Understanding traumatic stress reactions - The linking of phenomenology, aetiology and treatment plan

Description

One of the most intriguing aspects of traumatic stress has been the repeated learning and forgetting of lessons about its importance as a cause of psychopathology. It remains the case that the broader body of psychiatry and psychology has an ambivalent relationship with the field of traumatic stress and the nature of posttraumatic stress disorder. The origins of this ambivalence and their impact will be discussed. It is important that practitioners in the field of traumatic stress be aware of these barriers and how to address them in a research setting and clinical practice.

The underlying phenomenology of posttraumatic stress disorder will be explored and its neurobiological origins will be highlighted. It is important to deconstruct posttraumatic stress disorder into the different symptom components, as they have substantially different mechanisms underpinning their intensity and presentation. Posttraumatic stress disorder is a dynamic condition in which symptoms fluctuate with time and are substantially influenced by the environmental demands placed upon the individual.

It is often forgotten that somatic symptoms are a core element of the experience of individuals with PTSD. The nature of these somatic dimensions of distress and their significance will be discussed.

The epidemiology of posttraumatic stress disorder highlights how the prevalence of these conditions is seemingly increasing. However, this reflects the developments in the measurement of the effects of trauma in research settings. This has major implications for clinicians as to how best take a history about exposures to traumatic events. The evidence is that systematic investigation is critical and that unless questions are asked, symptoms will frequently go unreported. Recent evidence suggests that PTSD may be in fact more common than major depressive disorders. Equally, it should not be forgotten that depression is an important dimension of posttraumatic reactions. There is also an associated comorbidity with substance abuse. The risks associated with trauma exposure have a long tale of effect and these will be described.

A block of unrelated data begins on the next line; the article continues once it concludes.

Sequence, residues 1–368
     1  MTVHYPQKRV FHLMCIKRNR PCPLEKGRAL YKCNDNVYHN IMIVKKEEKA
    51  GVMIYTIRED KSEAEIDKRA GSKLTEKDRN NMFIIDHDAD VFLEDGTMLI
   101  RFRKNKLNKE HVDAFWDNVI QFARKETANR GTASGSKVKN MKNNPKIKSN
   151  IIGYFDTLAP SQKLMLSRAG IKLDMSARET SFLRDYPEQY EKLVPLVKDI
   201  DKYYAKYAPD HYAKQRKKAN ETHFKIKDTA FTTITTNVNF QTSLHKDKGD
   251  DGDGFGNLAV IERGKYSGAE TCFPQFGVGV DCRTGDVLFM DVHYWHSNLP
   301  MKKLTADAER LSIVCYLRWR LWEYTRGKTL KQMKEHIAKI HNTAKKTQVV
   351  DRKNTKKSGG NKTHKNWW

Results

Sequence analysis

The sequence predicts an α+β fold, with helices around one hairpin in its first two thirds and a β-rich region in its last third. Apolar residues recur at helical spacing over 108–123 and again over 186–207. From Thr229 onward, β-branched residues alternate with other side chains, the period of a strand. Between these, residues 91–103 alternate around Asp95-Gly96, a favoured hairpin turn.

The challenges of treatment will be discussed in the context of early intervention and workplace intervention. Treatment needs to be a sequential process where there are a variety of strategies, including EMDR, which can be used in treatment. The sequence of these strategies in treatment is a challenging question that has not been systematically addressed in research.

It remains the case that one of the primary issues in treatment is early identification, and this raises questions about the importance of screening in at-risk populations. Again, there are significant differences in opinion; however, the militaries around the world are now regularly screening populations returning from deployment. A recent novel approach to considering the issues of treatment is whether a staging approach should be used for conditions such as PTSD.

In summary, it is critical that clinicians have an explicit model of the mind and its neurobiology. Posttraumatic stress disorder can best be understood as an information processing disorder, which both impacts upon an individual's ability to engage with their day to day environment as well as integrate past experiences as a source of information to influence current behaviour. The integration and modulation of neural systems that manage environmental input is critical to adaptive functioning. The ways that these systems become dysregulated in PTSD will be highlighted and how these underlying deficits can be addressed in treatment will be focused upon.

A further issue that needs to be considered in the treatment of PTSD is the long-term risk of individuals, who have developed this condition, to have relapses after a successful intervention. Some long-term treatment outcome data will be presented.

Format

Conference

Language

English

Author(s)

Alexander McFarlane

Original Work Citation

McFarlane, A. (2010, June). Understanding traumatic stress reactions - The linking of phenomenology, aetiology and treatment plan. Preconference presentation at the 11th EMDR Europe Association Conference, Hamburg, Germany

Collection

Citation

“Understanding traumatic stress reactions - The linking of phenomenology, aetiology and treatment plan,” Francine Shapiro Library, accessed June 18, 2021, https://emdria.omeka.net/items/show/19555.

Output Formats